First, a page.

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The Cultural Context in which Walt Whitman lived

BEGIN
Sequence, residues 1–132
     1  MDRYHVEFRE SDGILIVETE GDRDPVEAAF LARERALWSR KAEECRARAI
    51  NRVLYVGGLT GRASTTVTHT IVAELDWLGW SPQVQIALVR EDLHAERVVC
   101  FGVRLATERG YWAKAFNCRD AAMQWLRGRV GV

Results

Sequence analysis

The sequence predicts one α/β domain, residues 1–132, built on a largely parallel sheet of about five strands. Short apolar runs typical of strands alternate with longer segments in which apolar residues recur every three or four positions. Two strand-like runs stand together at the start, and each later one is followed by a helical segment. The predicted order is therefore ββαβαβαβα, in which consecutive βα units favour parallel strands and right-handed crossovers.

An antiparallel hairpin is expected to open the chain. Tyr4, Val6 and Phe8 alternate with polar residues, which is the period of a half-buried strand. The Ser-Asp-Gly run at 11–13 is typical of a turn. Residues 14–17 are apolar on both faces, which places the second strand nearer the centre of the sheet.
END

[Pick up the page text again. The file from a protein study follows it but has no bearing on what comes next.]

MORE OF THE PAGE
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One of the interesting tensions that exists in the ‘Song of Myself’, are the boundaries that are drawn between his actual self and the self that is being sung about, so to speak When one isolates some of the better known passages, like the opening line itself: I celebrate myself, and sing myself. [Whitman 29], one gets the sense that Whitman was an individual with a tremendous ego. If one assumed that the poem itself was about his self, they would be mislead as it is a pastiche of all humanity in some regards. While the work begins with a focus posited on his self or ‘myself’, it gradually transforms into an elegiac look at almost all facets of society. There is a particular empathy struck with the marginalized of his world: the Quadroon girl is sold at the auction stand, the drunkard nods by the bar-room stove…the groups of newly-come immigrants cover the wharf and levee [Whitman 40]. Whitman had a personal affinity to the marginalized in society. While he came from the country, he was obsessed with the urban life of New York City where he lived off and on for a long time. He was particularly fascinated by the people who are barely subsisting as indicated in the passage quoted above. Thus, his self is not his own individual self. Further, the self is not just the entire expanse of society, but also nature too. One of the more compelling dimensions of Whitman which was picked up by his first and most important critic, Ralph Waldo Emerson, was the interconnectedness of the ‘self’ with all of the diversity and particularity of nature. However much one cannot isolate the ‘self’ in the song to that subject, as being that of Whitman, at the same time, he was an individual with an enormous ego and the poem itself is somewhat of an attempt at a validation of the ego itself too. First, one of the ego dimensions of Whitman as a point of context, concerns his publishing of the work itself. Whitman published this himself. Rather than go through the process of being scrutinized by others in order to be published, he was confident enough in his own genius so to speak, to publish his most important work himself. The first edition was printed by Whitman – who had worked as a printer in a number of businesses, was a run of just over seven-hundred copies [Killingsworth, 2007: 6]. The second point of biographical fact related to ego, were his actions immediately following the publication of Leaves of Grass in 1855. Whitman fraudulently reviewed his own book in three different publications, and one has to consider the enormity of the ego of any individual who would do this [Price, Ed., 1996: 8. 18. 23]. A further biographical fact or issue of background and ‘context’, concerns the recent death of his father and also his homo-sexuality. There is such a language of burgeoning spring in the Song of Myself, that one wonders why the self is portrayed so much as something that is being born. For Whitman, there was a sense in this period of his life, where he was truly discovering himself. That is, he was trying to subsist on his own beyond the support of his family, and he was trying to establish himself as a writer. When his father died, this represented for Whitman an opportunity to transcend or basically escape from the bondage of his past. One of the areas that he is unquestionably challenging the past concerns his sexuality. It is maintained by scholars that in the period leading up to the publication o